Oh, and about my foot. When I go to bed at night, I pull off my AFO and sock. I'm greeted by my red, angry cartoon foot. You know the one where the swelling is so bad it looks like a balloon? Below the spandex support is rounded with swelling. My toes look like Vienna sausages wedged in those little tin cans. Well, I try to be nonweight bearing.

Nothing is impossible.

Sunday, February 25, 2018

Sunday Stroke Survival: How to Grow a Stroke Support Group

True to my New Year's Resolution in 2017, I became more active in my area's stroke survivor's support group. My old group was huge  (over 200 members on the books). Needless to say, when I got here there were only about ten members. No more than one or two couples attended a meeting besides me.

Don't get me wrong, the group's coordinators try, but for them it's a add-on to their jobs as social workers and patient counselors at the hospital where they work. They are juggling like mad. So enter little old me who was previously involved with a very active group. Of course, this isn't a very large community either. But I know strokes and brain injury survivors exist here  also and more than 10. According to Wikipedia, there are 43,000 folks here. Granted there were only 295,000 strokes worldwide last year. (WHO stat) It might be the 5th largest cause of death, but there were survivors too just like me and you.

So you look for a support group after your stroke, hopefully you find a robust one like I first did. Or you find one with not much to offer. That does not fill your needs at all. You want communication with other survivors, You want to know that you are not the only one going through all of this. You want a good source of information. You want to find out what resources are available for you. You want a bonafide stroke support group. But yours isn't or the leaders are just going through the motions because of time constants like mine is now. How do you get what you want?

You grow a stroke support group.

Things that may stop you in your tracks and seem overwhelming at first. Remember, what I discussed with you about overwhelming a couple of weeks ago?  How do you get stroke survivors to know you exist? How to promote a stroke support group? How to keep it interesting? How to get people to attend? There are a lot of questions you may ask. The main ones being what can I do about it? Can I change it? Is it set in stone or will the people in charge allow you to help? They may honestly, like the way the group is. It's less work. Here are some steps to get you started. If all parties are agreeable. It was what I was going to do the first part of this year before I broke my foot.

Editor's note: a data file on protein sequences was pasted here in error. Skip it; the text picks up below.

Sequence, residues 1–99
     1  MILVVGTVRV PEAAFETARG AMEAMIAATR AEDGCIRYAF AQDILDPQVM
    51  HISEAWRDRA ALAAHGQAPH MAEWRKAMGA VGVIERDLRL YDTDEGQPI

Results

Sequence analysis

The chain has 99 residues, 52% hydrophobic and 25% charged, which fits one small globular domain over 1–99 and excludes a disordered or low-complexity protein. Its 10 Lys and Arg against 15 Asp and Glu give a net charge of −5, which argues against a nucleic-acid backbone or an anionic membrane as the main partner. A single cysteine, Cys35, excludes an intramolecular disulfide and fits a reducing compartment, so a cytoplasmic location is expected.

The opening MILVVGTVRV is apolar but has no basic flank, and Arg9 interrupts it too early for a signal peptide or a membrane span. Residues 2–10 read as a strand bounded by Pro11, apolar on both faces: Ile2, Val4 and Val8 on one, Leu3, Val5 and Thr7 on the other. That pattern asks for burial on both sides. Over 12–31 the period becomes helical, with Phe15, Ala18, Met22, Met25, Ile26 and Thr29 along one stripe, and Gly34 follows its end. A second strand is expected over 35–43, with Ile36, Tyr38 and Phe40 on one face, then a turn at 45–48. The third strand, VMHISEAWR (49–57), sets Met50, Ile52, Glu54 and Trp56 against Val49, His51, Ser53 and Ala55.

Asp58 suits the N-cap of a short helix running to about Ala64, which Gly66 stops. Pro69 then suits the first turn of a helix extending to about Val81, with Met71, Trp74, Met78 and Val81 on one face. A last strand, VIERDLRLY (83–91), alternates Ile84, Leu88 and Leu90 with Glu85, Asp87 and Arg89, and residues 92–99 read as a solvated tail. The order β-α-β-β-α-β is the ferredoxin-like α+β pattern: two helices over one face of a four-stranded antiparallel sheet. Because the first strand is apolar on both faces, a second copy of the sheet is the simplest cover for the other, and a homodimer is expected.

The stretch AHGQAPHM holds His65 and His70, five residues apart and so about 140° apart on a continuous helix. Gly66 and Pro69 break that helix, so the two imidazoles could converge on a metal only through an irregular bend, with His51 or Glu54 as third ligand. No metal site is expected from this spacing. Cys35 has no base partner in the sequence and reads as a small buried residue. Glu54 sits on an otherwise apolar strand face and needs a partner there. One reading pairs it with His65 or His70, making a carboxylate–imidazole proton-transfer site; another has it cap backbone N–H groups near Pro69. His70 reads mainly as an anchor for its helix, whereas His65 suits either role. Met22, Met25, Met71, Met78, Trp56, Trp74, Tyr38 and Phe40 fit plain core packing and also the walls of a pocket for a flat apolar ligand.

Offer refreshments

It's only common courtesy. I started small the end of last year by providing refreshments at each meeting. It was simple finger sandwiches, munchies, sweets, and drinks. Our last meeting was before Christmas so I picked a Christmas themed layout for the spread. I made Christmas cookies, cup cakes, fudge, and chicken and egg salad sandwiches. Of course, this wasn't only for the stroke meeting but Christmas gifts for my neighbors too. For drinks, it was Dollar Store finds...cola, diet cola, a lemon-lime soda, and water. A little bit for every taste.

Since we meet every two months, this meeting was shrimp salad and deviled ham sandwiches, raspberry cheesecake brownies, heart shaped cookies, red velvet cupcakes, and my sugar free, low carb truffles. It was close to Valentine's Day after all. So, it was red and pink colored everything. Again, Dollar Store to the rescue for drinks. It was doable even with a broken foot.

That takes care of the members we already had. On average, we have less than ten at any meeting for right now. I always make enough for 12 just in case. Whatever is leftover goes to the floors for the nurses at the hospital where the meetings are held. It was something I could do and was good at to try and boost attendance.

For our next meeting in April, it's April showers bring May flowers themed. I haven't decided on the menu yet. But you can bet that flowers will be involved.  I'm a former chef and caterer so planning food events is one of my fortes. I realize this is not everyone's. Simply drinks and cookies will suffice. Maybe the hospital cafeteria can help. If nothing else, it's free food for attendees.

Keep it interesting